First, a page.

2. Secondary Antibodies (working concentration): Prepare 1.2 mL of secondary antibody mix by diluting Goat anti-Mouse IgG1 cross-adsorbed secondary antibody, Alexa Fluor 488 (0.5-2 µg/mL) + Goat anti-Rabbit IgG (H+L) highly cross-adsorbed secondary antibody, Alexa Fluor Plus 555 (0.5-2 µg/mL) + Goat anti-Mouse IgG2b cross-adsorbed secondary antibody, Alexa Fluor 647 (0.5-2 µg/mL) in PBST-B-G.
      NOTE: Alexa Fluor 647 is optional.

5. Immunofluorescence Staining Steps

  1. Rehydrate and fix the cryo-sections with PFA.
    1. Remove a few of the TA/EDL cryo-section slides from the slide box. Warm the slides in a slide-holding tray at room temperature.
    2. Use a liquid blocker pen (PAP pen) to draw an area that includes all the cryo-sections on the slide. This circle will prevent the solutions from flowing off the slide.
    3. Take the tray to a laboratory fume hood. Add 300-500 µL of 4% PFA onto the slide within the circled area to fix the sections at room temperature for 10 min. Wash out the PFA with 1x PBS at least 3x 5 min in a slide container.
      CAUTION: PFA is toxic and a hazardous waste; it should be operated with care and disposed into a hazardous waste container.
  2. Antigen retrieval
    1. Fill another slide container with 200 mL of citrate buffer.
    2. Transfer the slides into the container. Transfer the container with the slides to a pressure cooker to cook the slides in high pressure mode for 10 min.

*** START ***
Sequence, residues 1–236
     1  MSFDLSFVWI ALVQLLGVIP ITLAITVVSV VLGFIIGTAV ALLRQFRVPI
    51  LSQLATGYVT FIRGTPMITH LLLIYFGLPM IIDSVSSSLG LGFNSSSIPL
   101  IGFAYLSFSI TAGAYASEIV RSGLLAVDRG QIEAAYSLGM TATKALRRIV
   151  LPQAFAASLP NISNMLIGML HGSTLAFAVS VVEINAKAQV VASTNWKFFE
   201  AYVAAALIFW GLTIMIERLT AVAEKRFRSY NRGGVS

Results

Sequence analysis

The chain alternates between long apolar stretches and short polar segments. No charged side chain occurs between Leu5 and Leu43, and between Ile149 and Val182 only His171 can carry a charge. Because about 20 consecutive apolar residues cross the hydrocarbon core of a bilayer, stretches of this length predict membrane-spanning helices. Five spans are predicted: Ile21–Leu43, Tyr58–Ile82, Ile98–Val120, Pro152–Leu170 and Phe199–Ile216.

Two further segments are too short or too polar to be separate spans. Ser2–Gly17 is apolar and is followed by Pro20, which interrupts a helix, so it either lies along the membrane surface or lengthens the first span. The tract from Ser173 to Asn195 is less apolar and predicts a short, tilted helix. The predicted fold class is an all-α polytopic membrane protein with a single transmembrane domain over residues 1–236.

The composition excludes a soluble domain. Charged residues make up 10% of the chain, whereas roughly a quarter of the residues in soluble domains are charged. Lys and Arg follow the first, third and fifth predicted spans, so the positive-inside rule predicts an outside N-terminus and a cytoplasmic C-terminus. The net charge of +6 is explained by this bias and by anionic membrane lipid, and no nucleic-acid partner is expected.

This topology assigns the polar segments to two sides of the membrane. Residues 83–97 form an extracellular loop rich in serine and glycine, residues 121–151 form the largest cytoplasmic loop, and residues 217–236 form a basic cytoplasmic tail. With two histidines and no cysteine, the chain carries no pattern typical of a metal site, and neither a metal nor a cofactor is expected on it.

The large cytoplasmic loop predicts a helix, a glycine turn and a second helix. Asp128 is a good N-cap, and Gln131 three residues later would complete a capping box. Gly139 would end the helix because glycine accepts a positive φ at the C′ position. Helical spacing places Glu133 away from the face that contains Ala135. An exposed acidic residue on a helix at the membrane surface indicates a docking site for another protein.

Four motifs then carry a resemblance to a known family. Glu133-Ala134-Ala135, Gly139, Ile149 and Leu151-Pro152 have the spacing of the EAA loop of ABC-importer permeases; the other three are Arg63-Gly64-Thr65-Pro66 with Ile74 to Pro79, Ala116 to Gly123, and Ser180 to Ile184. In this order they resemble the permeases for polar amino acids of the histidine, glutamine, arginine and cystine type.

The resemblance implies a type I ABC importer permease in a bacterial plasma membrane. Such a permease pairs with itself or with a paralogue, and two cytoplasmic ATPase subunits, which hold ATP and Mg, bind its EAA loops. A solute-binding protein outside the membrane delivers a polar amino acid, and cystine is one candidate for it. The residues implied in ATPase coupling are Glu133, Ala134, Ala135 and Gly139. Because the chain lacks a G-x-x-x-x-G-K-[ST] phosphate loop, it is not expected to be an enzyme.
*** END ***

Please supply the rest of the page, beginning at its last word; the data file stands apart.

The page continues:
3. Cool down the container with draining water for 10 min. Transfer all slides to a new container with PBST (200 mL), rinse the slides with PBST for at least 3x 5 min.
  3. Blocking
    1. Add water-soaked kimwipes to the tray holding the slides to create a moist environment to avoid drying of the slides.
    2. Move the slides back to the tray, and add 200 µL of blocking solution onto each slide. Cover the tray with a cap and let the blocking develop for 30 min.
      NOTE: Pax7 antibody is a mouse monoclonal antibody, so there is unspecific binding of mouse IgG in mouse muscle tissues that creates high background. Using the AffiniPure Fab Fragment Goat Anti-Mouse IgG (H+L) blocks the mouse-on-mouse unspecific binding.
  4. Apply primary antibodies.
    1. Rinse the slides with PBST once in the slide container. Then move the slides back to the staining tray.
    2. Apply 200 µL of primary antibody mix on each slide, cover the tray with a cap, and let the reaction develop at room temperature for 1 h or at 4 °C for overnight.
      NOTE: The overnight reaction at 4 °C gives the best result, although developing the reaction at room temperature gives satisfactory results. The myosin MF20 antibody can be added in the mix to perform a triple (Pax7, Laminin, MF20) labeling. MF20 stains differentiated muscle fibers. This step also serves as another blocking step with PBST-B-G to reduce potential unspecific binding from secondary antibodies (goat antibodies) in the following step.
  5. Apply secondary antibodies.